Last modified: 2003-04-05 by antonio martins
Keywords: peace | pacifism | compromise |
Links: FOTW homepage | search | disclaimer and copyright | write us | mirrors
The Cyprus flag is quite common
on the “Greek” side. You can see it hoisted in many places.
It is more frequent view than the
Greek flag. The “Greek” Cypriots
are quite proud in their flag.
Dov Gutterman, 28 May 1999
And yet it was deliberately designed to be a “neutral”
flag, in order to inspire the peace between the two
communities (greek and turkish
cypriots). The very same occured with the
Irish flag, where green
stands for the Irish, the orange for the protestants
and the white for peace among them — the very same flag
that was even prohibited
in Northern Ireland because it may offend one of
the conflicting parts! Other examples to hand are the
flag of Newfoundland (similar symbolism as above)
and the Tatarian flag
with green for muslims / Tatars, red for Russians and
white (very thin stripe!) for peace.
António Martins, 29 May 1999
Yet another case of a “neutral” design, supposedly
peace inspiring, is the flag of
Bosnia and Herzegovina.
António Martins, 05 Dec 1999
The [previous] flag
of Bosnia and Herzegovina was already a compromise
design; that this specifically design neutral flag,
should receive a politcal charging which now makes it
John Hall, 18 Dec 1997
Other cases are:
USA Grand Union Flag 1775-1777. This flag altered the British Red Ensign with six white pieces of cloth to create a field of 13 red/white stripes. By 1777 the presence of the Union Flag in the canton was deemed inappropriate.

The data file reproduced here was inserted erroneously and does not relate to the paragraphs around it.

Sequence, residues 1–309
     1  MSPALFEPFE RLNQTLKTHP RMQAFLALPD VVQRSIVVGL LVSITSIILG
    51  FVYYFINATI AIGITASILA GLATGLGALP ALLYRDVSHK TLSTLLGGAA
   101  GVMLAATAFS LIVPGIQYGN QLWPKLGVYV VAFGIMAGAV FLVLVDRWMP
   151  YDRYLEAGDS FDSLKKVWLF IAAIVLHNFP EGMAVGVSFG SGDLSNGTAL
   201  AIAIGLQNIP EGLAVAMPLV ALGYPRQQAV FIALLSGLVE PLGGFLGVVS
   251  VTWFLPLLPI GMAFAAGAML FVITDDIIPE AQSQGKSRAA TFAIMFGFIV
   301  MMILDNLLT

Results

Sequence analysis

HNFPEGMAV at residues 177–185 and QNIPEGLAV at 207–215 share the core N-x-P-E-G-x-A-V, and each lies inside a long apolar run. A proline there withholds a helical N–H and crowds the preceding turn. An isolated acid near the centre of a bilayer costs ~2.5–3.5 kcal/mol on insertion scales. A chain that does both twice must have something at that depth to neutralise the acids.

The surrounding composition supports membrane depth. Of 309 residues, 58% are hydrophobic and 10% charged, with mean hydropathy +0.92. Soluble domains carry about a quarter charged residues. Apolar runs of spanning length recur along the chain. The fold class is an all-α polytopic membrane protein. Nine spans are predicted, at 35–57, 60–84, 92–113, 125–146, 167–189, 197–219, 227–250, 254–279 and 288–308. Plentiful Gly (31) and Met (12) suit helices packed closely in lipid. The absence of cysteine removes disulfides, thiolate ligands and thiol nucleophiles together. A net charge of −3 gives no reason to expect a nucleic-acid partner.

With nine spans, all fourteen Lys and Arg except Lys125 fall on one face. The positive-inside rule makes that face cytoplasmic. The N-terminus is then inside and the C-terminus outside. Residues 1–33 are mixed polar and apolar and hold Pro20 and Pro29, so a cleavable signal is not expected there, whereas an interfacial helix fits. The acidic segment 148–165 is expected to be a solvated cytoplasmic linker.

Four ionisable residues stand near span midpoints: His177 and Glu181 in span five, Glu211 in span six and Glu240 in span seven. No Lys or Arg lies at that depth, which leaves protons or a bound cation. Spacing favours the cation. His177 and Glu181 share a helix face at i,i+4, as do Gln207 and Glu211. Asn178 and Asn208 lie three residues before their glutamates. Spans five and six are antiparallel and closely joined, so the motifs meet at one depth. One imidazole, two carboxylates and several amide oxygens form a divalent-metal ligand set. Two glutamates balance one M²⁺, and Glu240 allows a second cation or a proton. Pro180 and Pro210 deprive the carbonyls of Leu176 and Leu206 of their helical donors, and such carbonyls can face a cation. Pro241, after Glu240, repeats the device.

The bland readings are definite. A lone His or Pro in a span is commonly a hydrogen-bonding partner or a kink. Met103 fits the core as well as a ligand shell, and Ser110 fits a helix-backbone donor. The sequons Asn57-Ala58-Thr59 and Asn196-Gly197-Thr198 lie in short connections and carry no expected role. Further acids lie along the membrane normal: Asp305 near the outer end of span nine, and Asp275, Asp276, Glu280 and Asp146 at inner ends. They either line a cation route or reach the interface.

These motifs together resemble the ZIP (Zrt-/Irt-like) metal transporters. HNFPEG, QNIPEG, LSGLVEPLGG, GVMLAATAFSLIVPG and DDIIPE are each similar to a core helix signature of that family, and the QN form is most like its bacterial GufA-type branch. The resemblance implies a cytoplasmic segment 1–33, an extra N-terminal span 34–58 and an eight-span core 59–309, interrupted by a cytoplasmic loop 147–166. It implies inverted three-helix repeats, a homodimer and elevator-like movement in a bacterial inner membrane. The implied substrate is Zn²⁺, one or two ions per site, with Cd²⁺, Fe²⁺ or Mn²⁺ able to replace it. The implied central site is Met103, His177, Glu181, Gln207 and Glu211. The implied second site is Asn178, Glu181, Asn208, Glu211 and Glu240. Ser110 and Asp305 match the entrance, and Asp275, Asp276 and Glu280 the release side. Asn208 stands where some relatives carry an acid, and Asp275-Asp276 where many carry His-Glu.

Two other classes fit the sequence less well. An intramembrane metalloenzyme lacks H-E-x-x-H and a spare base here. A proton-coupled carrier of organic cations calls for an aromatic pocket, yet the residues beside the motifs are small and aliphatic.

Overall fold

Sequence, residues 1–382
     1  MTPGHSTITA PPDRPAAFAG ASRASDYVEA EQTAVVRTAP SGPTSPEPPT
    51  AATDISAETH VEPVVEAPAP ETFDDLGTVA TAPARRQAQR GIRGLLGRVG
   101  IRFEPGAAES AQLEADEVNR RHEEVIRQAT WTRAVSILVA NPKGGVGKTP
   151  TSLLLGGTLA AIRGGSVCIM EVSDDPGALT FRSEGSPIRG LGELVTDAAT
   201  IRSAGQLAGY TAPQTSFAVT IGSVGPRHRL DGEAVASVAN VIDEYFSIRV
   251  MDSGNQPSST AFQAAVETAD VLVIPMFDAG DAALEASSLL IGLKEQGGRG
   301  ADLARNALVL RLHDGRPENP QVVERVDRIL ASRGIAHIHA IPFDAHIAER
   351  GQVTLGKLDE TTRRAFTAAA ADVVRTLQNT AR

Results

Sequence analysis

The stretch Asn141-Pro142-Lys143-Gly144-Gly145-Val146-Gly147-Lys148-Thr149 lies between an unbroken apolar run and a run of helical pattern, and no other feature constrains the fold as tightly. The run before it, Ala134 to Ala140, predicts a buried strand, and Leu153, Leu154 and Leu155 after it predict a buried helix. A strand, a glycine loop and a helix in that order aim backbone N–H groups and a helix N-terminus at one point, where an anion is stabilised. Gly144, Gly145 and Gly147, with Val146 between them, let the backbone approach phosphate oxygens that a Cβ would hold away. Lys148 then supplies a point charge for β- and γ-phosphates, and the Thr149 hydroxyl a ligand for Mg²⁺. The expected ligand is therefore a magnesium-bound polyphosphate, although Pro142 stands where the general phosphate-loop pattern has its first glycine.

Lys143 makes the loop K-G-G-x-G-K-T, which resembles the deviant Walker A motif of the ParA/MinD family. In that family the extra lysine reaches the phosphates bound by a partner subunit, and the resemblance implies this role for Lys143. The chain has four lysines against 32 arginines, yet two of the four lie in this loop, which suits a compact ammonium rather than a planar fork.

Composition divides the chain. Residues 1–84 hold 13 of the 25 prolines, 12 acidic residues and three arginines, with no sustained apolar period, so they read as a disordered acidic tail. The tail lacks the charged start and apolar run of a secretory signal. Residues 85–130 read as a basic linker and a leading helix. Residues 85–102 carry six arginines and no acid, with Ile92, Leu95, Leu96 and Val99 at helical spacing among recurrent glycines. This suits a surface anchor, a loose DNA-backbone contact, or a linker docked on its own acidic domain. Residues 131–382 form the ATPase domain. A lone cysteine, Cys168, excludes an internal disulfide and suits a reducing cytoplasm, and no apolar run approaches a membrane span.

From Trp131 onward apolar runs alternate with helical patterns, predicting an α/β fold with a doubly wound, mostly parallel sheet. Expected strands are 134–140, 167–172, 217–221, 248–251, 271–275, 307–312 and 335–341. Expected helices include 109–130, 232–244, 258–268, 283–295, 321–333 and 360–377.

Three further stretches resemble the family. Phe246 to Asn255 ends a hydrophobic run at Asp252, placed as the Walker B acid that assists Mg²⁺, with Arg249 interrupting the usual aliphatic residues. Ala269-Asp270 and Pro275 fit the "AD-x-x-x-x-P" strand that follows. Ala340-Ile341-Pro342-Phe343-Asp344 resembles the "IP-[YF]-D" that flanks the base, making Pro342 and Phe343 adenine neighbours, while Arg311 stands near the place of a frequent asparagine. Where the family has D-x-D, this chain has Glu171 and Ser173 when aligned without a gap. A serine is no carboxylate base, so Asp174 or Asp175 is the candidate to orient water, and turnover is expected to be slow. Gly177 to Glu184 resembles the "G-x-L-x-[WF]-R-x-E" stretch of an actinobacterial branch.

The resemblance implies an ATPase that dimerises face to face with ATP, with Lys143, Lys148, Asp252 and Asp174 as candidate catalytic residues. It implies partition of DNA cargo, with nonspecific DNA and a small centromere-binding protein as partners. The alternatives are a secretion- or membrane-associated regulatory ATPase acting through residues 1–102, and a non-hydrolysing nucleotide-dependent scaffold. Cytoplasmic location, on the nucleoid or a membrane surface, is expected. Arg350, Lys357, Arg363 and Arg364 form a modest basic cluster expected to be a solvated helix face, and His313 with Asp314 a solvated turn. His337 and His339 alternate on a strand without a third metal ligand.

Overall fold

Cambodia: The flag of UN blue with a white map and blue text of the name of the country was an interim flag that wasn't appreciated much at the time (early 1990's) but now is used by Cambodian Americans. Probably the reverse of the original question.
The very similar flags of Egypt/Libya/Syria was an international compromise in forming the Federation of Arab Republics in 1970. The federation is now disparate, with Libya choosing a monochromatic flag, often referred to as a tricolor of green, green, and green, or as a green field with a green canton, etc.
The 1928-1994 flag of South Africa was really a compromise between the British and the Dutch. They conveniently forgot the majority population which is now quite well represented in the government and in the flag.
Nick Artimovich, 18 Dec 1997